Michigan Farm Bureau is warning its members and social media followers to be on the lookout for scams impersonating MFB on social media, and via email and text messages.
Multiple instances of scammers impersonating MFB and targeting people in comments on posts — in some cases asking them for money — have recently been reported. The fake pages copy MFB’s social media graphics and photos, but don’t have the same posts, “likes” and followers that MFB’s legitimate account does.
A fake Michigan Farm Bureau social media page (above) with 2 likes and 3 followers was created on Oct. 6, according to the page transparency information found on Facebook. The real MFB Facebook page has more than 16,000 likes and 18,000 followers.
While MFB is diligently reporting fake pages and actively working to take them down, it’s important that MFB members and social media followers are vigilant in keeping an eye out for posts that may be fraudulent.
“Michigan Farm Bureau will never ask you for your credit card information through social media, or through text message,” said Andy Kok, MFB general counsel.
“As with any organization of our size, MFB is unfortunately the target of online scammers, and it’s critical that people double check that they’re interacting with our legitimate social media outlets.”
Kok asks that people click through to the account information of any social media page claiming to be MFB to ensure that they are seeing posts from the organization’s real page — which has more than 16,000 likes and 18,000 followers.
If you see a suspicious post or Facebook page, please report it to by clicking on the three dots on the upper right-hand corner of the account and clicking “Find support or report.”
MFB occasionally sends Action Alerts to members asking them to advocate to lawmakers using prewritten messages on specific legislative issues. Those important messages will always come from 52886.
Outside of those Action Alerts, Farm Bureau will never ask for any form of your personal information via text. MFB will also never ask you to open files or request any form of payment through text messages.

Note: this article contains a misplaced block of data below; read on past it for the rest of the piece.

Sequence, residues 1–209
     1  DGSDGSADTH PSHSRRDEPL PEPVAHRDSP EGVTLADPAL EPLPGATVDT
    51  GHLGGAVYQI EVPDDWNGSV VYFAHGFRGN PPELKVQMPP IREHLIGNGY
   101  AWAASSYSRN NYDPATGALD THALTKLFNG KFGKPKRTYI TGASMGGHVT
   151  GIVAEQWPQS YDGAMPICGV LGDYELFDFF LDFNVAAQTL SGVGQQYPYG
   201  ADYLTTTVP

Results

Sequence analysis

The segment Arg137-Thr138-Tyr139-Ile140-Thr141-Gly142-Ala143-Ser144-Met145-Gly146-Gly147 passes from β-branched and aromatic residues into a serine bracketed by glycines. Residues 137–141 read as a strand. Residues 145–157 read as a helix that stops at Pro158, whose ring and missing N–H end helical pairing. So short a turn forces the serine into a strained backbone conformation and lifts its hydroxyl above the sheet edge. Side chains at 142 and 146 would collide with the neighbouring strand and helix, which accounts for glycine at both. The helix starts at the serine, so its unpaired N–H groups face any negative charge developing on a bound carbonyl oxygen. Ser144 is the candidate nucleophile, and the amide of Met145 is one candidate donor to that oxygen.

For more tips on protecting yourself from text message scams, and how to report them, visit this link from the Federal Trade Commission.
MFB members have reported sporadic cases of receiving emails, like the one shown below, that are made to look like they’re coming from Farm Bureau staff. In the example instance, the sender asks for an encrypted file to be opened — potentially exposing the recipient to viruses.
It’s important to note that while scams are always evolving, MFB will never use threatening language in a legitimate message to its members. In almost every instance that members receive emails from MFB, their name will be included, rather than a general introduction like “Dear Farmer,” shown below.
While some scam emails included images and logos in the sender’s signature line, the graphics were heavily pixelated — another telltale sign that a message may be a fake.
It’s also important to remember that even if an email sender looks like a person’s name, you should hover of the name of the sender to verify that the email address associated with it is a trustworthy source.
Never click links in emails that you are not completely sure are legitimate messages.
Reporting suspicious activity
If you receive any message that you think may be fraudulent, don’t click any links or respond to the message and contact your MFB regional manager.